Wednesday, August 13, 2014

Supreme Court Watch: Employment law cases

We will be watching three pending cases at the US Supreme Court as the Court's session opens today:

Kloeckner v. Solis
Oral argument on October 2.

The Merit Systems Protection Board (MSPB) hears appeals by federal employees regarding certain adverse actions, such as dismissals. If the employee asserts that the challenged action was the result of unlawful discrimination, that claim is referred to as a "mixed case."

Question Presented: If the MSPB decides a mixed case without determining the merits of the discrimination claim, is the court with jurisdiction over that claim the Court of Appeals for the Federal Circuit or a district court?

Vance v. Ball State Univ
Oral argument on November 26.

Faragher v. City of Boca Raton, 524 U.S. 775 (1998) and Burlington Industries, Inc. v. Ellerth, 524 U.S. 742 (1998) held that under Title VII, an employer is vicariously liable for workplace harassment by a supervisor of the victim. If the harasser was the victim’s co-employee, however, the employer is not liable absent proof of negligence.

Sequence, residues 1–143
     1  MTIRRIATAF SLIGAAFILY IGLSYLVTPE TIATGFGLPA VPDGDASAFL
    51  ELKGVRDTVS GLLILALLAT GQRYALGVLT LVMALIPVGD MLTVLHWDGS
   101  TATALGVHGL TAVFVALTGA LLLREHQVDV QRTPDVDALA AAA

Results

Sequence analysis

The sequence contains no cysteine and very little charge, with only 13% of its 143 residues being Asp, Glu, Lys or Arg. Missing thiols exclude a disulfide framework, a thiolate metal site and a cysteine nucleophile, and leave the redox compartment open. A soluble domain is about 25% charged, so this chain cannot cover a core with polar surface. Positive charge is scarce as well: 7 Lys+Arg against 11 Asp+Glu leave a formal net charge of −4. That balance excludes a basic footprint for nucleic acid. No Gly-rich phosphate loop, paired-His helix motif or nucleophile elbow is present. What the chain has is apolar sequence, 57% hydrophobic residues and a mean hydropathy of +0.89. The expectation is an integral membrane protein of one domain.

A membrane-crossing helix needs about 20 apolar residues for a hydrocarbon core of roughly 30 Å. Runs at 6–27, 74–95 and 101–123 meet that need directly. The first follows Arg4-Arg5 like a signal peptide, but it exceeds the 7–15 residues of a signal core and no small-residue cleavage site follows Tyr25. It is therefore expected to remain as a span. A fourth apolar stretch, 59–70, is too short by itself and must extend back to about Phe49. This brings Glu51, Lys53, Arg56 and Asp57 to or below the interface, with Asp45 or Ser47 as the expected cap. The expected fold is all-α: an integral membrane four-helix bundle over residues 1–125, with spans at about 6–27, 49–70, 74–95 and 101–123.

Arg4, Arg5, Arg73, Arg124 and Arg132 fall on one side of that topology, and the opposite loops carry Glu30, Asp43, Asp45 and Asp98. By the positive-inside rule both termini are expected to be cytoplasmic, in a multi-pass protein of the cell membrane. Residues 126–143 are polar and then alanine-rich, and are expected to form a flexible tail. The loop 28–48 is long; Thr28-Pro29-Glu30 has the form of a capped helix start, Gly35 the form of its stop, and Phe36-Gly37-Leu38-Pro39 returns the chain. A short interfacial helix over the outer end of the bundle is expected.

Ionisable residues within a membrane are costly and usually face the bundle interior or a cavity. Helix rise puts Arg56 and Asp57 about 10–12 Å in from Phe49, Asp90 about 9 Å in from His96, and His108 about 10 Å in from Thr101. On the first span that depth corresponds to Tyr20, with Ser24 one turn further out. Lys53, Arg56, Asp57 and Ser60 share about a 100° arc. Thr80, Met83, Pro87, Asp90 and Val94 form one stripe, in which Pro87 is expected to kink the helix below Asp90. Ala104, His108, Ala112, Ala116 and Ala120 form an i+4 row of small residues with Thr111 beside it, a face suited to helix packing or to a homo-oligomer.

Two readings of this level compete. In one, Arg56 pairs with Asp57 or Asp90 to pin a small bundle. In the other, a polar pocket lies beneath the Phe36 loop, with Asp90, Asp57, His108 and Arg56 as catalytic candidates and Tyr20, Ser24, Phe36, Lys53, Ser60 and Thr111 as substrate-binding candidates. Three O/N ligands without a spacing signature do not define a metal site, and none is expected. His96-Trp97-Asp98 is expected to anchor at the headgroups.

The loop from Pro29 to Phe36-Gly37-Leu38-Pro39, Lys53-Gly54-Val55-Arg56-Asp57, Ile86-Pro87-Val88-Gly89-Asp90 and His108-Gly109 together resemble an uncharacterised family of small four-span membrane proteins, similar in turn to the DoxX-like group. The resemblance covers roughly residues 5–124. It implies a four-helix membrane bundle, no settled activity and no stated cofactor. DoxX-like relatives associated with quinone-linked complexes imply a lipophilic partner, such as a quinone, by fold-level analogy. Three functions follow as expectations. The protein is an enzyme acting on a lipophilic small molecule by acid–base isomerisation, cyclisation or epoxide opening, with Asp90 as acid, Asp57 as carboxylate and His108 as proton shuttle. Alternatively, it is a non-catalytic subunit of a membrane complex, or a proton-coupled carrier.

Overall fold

Question Presented: Whether the Faragher and Ellerth “supervisor” liability rule (i) applies to harassment by those whom the employer vests with authority to direct and oversee their victim’s daily work, or (ii) is limited to those harassers who have the power to “hire, fire, demote, promote, transfer, or discipline” their victim.

Genesis HealthCare v. Symczyk
Oral argument December 3.

Symczk sued under the Fair Labor Standards Act (FLSA) on behalf of herself and all others similarly situated. This was a section 216(b) collective action. The defendants extended an offer of judgment under Fed. R. Civ. P. 68 in full satisfaction of her alleged damages, fees, and costs - prior to her moving for conditional certification and prior to other potential plaintiffs opting in.

Question Presented: Whether a case becomes moot, and thus beyond the judicial power of Article III, when the lone plaintiff receives an offer from the defendants to satisfy all of the plaintiff's claims.

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